However, this is only true if the odds are true. What if that Poogle's real odds of winning aren't 1 in 7, but rather 1 in 6.5 and it is rounded up to 1 in 7? Then in that case, you probably are going to win a profit over time since the odds are more in your favor for that Poogle winning.

Currently, the Poogle Racing Odds are:

Poogle 1: 1 in 3 or 3:1

Poogle 2: 1 in 4 or 4:1

Poogle 3: 1 in 5 or 5:1

Poogle 4: 1 in 7 or 7:1

Poogle 5: 1 in 9 or 9:1

If you add them all up, the sum of the probabilities is actually greater than 1, approximately 1.037 as a matter of fact. Now, that means that the real odds for one Poogle are greater than what they actually are, because since one Poogle has to win, the probabilities should add up to 1 as we've discussed. Maybe Poogle 5 actually has a 1 in 9.2 chance of winning. That means that betting on Poogle 5 will cost us money in the long run, rather than just having us break even. But it doesn't have to be Poogle 5, it could be Poogle 2 or 3 or 1 or any of them really. The exact same is true for the Turdle Races as well.

So, this means that though you might win big one, two, or even three times, eventually in the long run you'll be making a loss. This also means that these two games remove more neopoints than they give out.

The Food Club, on the other hand, usually has varying odds. Let's just think of three arenas and call the pirates A, B, C, and D because I'm not very creative.

Arena 1

Pirate A: 13:1

Pirate B: 2:1

Pirate C: 13:1

Pirate D: 13:1

Arena 2

Pirate A: 2:1

Pirate B: 2:1

Pirate C: 13:1

Pirate D: 13:1

Arena 3

Pirate A: 2:1

Pirate B: 5:1

Pirate C: 7:1

Pirate D: 12:1

All of these are perfectly plausible scenarios for the different arenas. Now, remember that one pirate has to win, so the odds should always add up to one.

But the thing is that they don't. In arena 1 we have odds of around 0.71 in total, while in arena 2 the odds are 1.14 approximately, and for arena 3 they around 0.92.

Now, like I've said before, since the odds in arena 2 are greater than 1 overall, there's a net loss there. If the sum of the odds are 1, then that means that you'll break even.

The thing is though, that if the odds are less than 1, then you'll make a profit. How?

The simple reason is that the Food Club odds are calculated specially. 13:1 is the lowest you can go, and 2:1 is the highest you can go. In reality though, the odds might be 20:1 or 25:1, but it will be shown as 13:1. Ouch, that means that you'd be losing quite a lot from that if you bet on the 13:1 pirate every time.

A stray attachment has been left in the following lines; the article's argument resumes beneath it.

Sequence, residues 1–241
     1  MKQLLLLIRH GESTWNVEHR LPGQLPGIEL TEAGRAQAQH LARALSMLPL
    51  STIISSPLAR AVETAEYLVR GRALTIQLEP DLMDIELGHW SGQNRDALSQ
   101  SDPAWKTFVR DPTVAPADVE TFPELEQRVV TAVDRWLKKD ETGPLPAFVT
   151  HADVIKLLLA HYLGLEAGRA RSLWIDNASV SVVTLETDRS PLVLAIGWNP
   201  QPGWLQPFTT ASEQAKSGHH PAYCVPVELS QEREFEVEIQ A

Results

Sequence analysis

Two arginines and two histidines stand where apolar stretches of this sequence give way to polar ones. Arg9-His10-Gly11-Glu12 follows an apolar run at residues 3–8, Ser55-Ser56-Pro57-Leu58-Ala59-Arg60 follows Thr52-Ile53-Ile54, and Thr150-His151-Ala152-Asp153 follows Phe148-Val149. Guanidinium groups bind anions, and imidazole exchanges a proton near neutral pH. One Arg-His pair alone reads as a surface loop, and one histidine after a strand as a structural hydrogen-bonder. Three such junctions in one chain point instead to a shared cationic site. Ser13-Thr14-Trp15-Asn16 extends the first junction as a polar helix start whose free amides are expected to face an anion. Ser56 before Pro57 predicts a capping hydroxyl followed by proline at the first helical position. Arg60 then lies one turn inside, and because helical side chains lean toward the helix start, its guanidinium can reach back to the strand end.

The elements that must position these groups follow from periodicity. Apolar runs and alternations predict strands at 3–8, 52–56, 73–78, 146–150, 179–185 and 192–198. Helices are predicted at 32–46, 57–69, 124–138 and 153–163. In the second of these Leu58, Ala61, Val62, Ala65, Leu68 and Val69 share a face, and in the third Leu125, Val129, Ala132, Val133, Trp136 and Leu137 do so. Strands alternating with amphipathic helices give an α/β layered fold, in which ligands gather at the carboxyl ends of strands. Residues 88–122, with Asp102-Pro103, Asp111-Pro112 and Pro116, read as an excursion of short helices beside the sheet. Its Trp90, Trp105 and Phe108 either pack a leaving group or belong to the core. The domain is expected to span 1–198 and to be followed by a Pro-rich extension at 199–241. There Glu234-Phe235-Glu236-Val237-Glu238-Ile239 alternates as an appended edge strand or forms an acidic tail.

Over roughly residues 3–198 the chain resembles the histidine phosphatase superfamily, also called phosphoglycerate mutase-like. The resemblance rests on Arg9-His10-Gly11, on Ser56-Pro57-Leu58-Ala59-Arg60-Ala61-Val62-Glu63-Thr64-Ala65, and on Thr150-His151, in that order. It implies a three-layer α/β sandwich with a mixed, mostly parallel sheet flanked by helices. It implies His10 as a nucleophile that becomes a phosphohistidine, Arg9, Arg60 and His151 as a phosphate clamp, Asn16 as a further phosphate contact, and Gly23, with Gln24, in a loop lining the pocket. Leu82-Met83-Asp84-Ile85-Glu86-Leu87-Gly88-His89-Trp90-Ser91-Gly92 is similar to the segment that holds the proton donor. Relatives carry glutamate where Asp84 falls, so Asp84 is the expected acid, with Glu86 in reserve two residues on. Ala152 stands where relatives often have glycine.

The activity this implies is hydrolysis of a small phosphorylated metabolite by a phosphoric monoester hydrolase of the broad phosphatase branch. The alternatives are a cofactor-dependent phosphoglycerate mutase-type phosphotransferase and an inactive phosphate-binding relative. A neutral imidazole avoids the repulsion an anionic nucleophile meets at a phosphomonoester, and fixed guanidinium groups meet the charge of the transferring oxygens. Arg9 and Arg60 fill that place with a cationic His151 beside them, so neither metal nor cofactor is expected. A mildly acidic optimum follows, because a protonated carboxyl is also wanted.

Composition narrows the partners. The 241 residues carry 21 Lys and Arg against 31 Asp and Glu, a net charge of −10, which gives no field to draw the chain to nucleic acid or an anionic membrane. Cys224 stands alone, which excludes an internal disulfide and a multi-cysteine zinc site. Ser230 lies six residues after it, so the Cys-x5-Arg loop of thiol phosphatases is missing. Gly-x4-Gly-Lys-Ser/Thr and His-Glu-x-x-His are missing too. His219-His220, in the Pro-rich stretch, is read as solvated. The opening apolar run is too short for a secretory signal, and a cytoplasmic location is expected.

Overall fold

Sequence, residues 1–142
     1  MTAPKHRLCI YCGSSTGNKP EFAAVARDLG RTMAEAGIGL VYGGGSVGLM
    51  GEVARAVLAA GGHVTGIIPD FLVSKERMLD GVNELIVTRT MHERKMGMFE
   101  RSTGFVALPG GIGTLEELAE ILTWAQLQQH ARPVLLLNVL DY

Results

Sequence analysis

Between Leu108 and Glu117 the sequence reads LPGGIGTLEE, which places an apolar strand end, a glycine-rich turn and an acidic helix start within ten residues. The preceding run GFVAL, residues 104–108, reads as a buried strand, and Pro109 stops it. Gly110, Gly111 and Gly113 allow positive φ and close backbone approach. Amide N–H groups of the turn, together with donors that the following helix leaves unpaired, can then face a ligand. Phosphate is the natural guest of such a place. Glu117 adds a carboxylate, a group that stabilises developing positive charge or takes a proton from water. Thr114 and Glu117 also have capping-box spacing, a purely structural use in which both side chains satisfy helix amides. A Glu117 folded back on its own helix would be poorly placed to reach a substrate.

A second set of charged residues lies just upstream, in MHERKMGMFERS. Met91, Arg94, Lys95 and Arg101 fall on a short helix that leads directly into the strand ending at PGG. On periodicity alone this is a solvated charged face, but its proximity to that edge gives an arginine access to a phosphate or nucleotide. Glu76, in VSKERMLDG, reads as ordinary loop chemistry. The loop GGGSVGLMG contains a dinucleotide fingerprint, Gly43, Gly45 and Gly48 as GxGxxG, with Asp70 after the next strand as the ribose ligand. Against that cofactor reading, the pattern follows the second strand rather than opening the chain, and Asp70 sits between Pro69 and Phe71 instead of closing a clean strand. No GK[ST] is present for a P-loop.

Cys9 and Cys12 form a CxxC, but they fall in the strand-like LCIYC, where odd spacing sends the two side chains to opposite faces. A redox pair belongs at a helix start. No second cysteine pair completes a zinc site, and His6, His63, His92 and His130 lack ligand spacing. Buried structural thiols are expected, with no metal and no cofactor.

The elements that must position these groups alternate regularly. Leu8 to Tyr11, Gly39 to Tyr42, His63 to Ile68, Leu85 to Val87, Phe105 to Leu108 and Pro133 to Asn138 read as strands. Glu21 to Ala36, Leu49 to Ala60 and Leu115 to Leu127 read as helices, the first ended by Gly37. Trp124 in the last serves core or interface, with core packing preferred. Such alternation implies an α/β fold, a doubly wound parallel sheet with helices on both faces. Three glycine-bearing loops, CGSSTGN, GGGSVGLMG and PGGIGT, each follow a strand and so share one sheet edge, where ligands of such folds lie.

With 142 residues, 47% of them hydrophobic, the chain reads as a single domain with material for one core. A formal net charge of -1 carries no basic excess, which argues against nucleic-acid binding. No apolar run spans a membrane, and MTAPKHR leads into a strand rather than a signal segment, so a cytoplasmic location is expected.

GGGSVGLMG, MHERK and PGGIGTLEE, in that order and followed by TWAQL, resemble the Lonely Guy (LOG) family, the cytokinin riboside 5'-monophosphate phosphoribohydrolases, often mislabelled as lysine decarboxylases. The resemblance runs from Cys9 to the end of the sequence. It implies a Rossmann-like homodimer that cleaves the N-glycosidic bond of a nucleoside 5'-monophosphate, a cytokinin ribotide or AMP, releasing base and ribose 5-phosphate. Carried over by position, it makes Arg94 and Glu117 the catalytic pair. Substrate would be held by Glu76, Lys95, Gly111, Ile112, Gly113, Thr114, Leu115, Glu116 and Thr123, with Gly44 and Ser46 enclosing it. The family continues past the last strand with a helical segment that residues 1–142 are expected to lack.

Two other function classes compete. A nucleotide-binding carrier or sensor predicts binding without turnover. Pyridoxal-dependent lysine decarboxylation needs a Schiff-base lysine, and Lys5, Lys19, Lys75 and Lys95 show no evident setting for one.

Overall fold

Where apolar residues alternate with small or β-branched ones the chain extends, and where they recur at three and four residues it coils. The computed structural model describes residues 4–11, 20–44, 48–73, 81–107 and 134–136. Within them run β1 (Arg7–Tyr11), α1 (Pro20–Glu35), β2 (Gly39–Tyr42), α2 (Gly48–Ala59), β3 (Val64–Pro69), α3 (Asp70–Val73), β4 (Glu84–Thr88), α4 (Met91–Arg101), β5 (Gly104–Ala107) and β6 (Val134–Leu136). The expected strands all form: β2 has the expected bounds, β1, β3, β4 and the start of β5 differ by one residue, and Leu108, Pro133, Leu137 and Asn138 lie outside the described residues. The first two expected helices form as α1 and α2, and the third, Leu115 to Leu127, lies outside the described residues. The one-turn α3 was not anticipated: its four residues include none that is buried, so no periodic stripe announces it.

However, that also means that the odds might not be 2:1 for a pirate. They might really be more along the lines of 1.5:1. That's what generally happens. Now, these sort of odds will let you make a profit in the long run.

That's what you have to look for in Food Club. The odds shouldn't add up to 1 or anything above it. If they do, avoid that arena completely. If they add up less than 1, then the 13:1 pirates are probably a bad bet with the best ones the one at 2:1. The most perfect scenario is with one pirate with 2:1 odds and the rest at 13:1, but even in other situations you can hope for a profit.

Note that you can't do anything to change the odds. On some days there will never be an arena that will look good. On such a day, my advice would be to not invest.

That is what makes Food Club different. Other games would hurt you in the long run, but Food Club won't so long as you bet carefully. You'll need luck with games like the Poogle Races, but with Food Club you can turn the odds to your favor. Of course, it should be remembered that probabilities work better with large sizes. You might end up losing neopoints all your first week if you're really unlucky, but as you increase the length of time you bet, to let's say several hundred days, your winnings should get closer to the theoretical values.

Based on this information of course we can form betting strategies for the game. The trick is to bet on all the pirates and the various combinations which could lead to profits, and there are easy ways to calculate these. I won't go very deep into any of them however, and merely leave it at that, though many guides will explain this part in more depth.

One last piece of advice is that if you are a beginner, you should probably see what other bets made by players are and see if what you would have done matches. If it doesn't, see why. Perhaps the player plays riskier than you do, or they saw something you didn't.

Of course, the above information might seem a bit complicated at first, but with some thought I do hope that it becomes clear. If not, feel free to neomail me with what you did not understand. Good luck, not that you'll be needing it.